Net-to-Gross: a few Observations Vis-á-Vis the Long Term calmac san Francisco, California


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Net-to-Gross: A Few Observations Vis-á-Vis the Long Term

  • CALMAC

  • San Francisco, California

  • July 17, 2007


Love ‘em, hate ‘em, but…

  • Love ‘em, hate ‘em, but…

    • Free ridership and spillover/MT
      • Important concepts, reasonably well understood, important to program design, forecasting/procurement, policy making
      • But terms and measurements don’t always capture and convey what we want
  • Free ridership and spillover/MT

    • Two sides of the same coin
      • It’s short-sighted to focus on one while ignoring the other
  • What matters is long term market change:

  • Free ridership is limited as a short-term, participant-driven metric



Why Worry About Free Ridership?

  • Non-participant’s perspective

    • Don’t give my money to someone else to do something they were doing anyway
  • Program efficacy

    • Competition for scarce public purpose dollars
  • Concerns can’t be cavalierly dismissed

    • and someone will always raise them!
  • But…

    • when programs are effective over the long-term
    • and participation is widespread
    • concerns can be mitigated, if not eliminated


Program Effects are Often Acceleration (RER 2001)



Practice

  • But…there are problems, mountains of them

  • Adoption is non-linear and so is free ridership

  • Markets are dynamic and when interventions succeed change is accelerated

    • Line AD in previous slide is not what we observe
    • What is a true naturally occurring baseline 25 years after the first market interventions?
      • Today’s free riders are often yesterday’s market effects
  • Measurement techniques are limited

    • No pure control groups
      • Whatever happened to experimental design!
    • The vagaries of self reports
    • The pain of market tracking


Practice

  • Measurement challenges partially related to under and inconsistent investment

    • ~$1-2B/yr over past 15 years on programs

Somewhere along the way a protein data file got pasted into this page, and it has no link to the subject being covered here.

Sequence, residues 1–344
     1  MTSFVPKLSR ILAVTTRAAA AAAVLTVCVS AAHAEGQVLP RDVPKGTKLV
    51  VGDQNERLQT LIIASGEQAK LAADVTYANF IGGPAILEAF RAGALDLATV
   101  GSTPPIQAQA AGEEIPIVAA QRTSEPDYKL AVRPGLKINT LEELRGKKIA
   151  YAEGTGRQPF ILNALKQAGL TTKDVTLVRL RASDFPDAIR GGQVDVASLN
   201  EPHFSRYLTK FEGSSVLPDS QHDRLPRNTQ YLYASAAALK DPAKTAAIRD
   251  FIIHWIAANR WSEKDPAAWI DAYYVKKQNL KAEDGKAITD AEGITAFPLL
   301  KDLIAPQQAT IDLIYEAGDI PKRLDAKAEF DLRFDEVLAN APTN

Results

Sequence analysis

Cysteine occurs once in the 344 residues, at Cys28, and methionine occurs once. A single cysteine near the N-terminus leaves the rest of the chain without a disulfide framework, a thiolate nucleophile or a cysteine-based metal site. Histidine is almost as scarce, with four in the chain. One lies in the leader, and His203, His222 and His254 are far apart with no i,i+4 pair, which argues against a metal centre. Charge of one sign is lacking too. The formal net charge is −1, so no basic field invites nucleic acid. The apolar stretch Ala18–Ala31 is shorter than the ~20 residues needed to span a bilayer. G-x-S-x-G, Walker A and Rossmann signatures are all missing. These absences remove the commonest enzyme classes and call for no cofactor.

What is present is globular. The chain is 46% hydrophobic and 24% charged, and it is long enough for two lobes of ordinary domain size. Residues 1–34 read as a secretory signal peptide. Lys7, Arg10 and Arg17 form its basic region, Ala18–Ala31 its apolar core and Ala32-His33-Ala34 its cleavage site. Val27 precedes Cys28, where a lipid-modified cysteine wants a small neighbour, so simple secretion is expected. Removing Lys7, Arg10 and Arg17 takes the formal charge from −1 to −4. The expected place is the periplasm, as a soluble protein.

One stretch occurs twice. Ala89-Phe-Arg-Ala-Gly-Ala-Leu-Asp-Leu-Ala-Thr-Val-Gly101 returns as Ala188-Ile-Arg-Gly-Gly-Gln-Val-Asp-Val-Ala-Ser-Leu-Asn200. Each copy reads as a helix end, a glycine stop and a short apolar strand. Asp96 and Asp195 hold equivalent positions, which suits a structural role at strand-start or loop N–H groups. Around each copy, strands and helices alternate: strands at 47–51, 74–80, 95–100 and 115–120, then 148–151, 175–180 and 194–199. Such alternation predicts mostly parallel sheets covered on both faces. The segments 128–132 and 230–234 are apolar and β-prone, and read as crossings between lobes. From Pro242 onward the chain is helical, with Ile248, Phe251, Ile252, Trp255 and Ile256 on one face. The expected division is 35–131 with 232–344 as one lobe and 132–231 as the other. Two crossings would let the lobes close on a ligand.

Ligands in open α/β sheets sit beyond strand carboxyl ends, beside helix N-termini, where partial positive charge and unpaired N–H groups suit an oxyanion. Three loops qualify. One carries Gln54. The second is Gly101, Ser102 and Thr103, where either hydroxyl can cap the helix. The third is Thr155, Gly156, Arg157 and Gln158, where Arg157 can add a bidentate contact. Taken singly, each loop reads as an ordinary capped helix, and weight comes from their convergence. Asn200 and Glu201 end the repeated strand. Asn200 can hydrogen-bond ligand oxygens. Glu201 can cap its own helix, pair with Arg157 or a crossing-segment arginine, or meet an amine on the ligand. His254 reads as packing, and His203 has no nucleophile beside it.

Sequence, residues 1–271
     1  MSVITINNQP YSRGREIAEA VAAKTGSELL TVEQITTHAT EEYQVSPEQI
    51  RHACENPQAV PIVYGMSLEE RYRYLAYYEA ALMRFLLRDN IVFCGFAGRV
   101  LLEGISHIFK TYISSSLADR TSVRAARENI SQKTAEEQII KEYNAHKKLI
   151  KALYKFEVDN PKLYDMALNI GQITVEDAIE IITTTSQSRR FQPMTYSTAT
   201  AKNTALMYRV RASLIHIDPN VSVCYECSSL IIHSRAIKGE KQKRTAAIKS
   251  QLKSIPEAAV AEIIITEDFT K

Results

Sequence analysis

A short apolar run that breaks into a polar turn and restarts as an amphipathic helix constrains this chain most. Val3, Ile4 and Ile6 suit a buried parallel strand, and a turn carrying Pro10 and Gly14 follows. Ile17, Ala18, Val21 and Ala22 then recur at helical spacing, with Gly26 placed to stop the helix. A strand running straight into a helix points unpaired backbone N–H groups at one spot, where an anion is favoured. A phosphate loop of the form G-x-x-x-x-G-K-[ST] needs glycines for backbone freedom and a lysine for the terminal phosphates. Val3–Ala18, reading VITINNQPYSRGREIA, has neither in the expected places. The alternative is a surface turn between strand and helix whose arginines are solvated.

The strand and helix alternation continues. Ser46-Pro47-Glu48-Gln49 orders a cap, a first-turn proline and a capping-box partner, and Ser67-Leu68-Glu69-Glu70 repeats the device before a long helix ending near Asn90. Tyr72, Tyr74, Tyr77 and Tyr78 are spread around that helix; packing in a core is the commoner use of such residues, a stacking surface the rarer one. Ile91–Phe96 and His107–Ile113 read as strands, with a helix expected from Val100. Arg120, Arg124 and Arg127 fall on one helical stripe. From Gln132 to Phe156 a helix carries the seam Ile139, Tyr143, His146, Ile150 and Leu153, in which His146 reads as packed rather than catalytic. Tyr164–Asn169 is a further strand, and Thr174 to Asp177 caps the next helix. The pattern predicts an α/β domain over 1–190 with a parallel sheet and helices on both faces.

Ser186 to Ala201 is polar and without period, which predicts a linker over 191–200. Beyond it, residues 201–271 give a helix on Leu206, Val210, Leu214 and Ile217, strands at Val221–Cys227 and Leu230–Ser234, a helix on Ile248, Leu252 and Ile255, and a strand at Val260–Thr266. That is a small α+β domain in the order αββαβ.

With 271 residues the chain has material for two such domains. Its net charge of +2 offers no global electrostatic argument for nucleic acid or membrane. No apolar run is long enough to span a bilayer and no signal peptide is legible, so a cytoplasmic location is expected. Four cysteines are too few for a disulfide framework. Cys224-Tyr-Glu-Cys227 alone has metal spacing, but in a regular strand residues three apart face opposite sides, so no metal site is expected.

• How much on evaluation and longitudinal baselines?
    • Evaluation efforts spotty and often half hearted
      • Real-learning the same inconclusive stuff over and over instead of conducting rigorous, consistent, and, yes, sometimes more costly, long-term research
    • No surprise we have very few reliable longitudinal data sets of market saturation, penetration, costs
  • Nationally, reported program data is weak!

    • Doesn’t support econometric analysis


Extreme cases

  • Extreme cases

    • Linear scaling of reward/penalty, threshold triggers
    • No financial feedback
  • Nationally, some fallout from the1990s?

    • Fear and stipulation
    • Let’s call the whole thing off
    • Maybe if we don’t measure it it will go away
  • But ex post NTG can provide vital feedback

    • Critical to improving program design
    • In some cases, partially reward/penalize depending on what administrators can realistically control
    • Not a substitute for multi-year market effects analyses


NTG Under Aggressive Program Funding

  • Over the long term

    • EE program $ essentially savings and investment fund
    • Customers are really using their own money
      • To enhance buying power
      • Stimulate new markets
      • Mitigate market barriers
      • Explicit in “Use it or loss it” approach for large C&I
    • Short-term free ridership becomes less of a concern
      • If long-term participation is widespread
      • Significant market effects are accomplished
      • Programs/policies adapt quickly to accomplishments/failures
    • Latter requires continuous measurement of both short-term program impacts and long-term market effects


Conclusions

  • Not measuring should not be an option

  • But traditional focus on “free riders” is suboptimal and can lead to wrong conclusions

  • “Free rider” term itself problematic/derogatory

    • Not consistent with traditional economic use of term
  • What matters are

    • Short-term “marginal program effectiveness (MPE)”
      • Let’s find a better term that gets at what we care about
    • Long-term market effects
      • And, yes, associated program attribution.


Conclusions

  • Attribution is obviously challenging

  • Results should be used to

    • Optimize program and portfolio design
      • Know when to
        • declare victory, admit failure, redesign, or move on
    • Appropriately direct and motivate implementers, w/out
    • Improve forecasts and influence on procurement


Wrap





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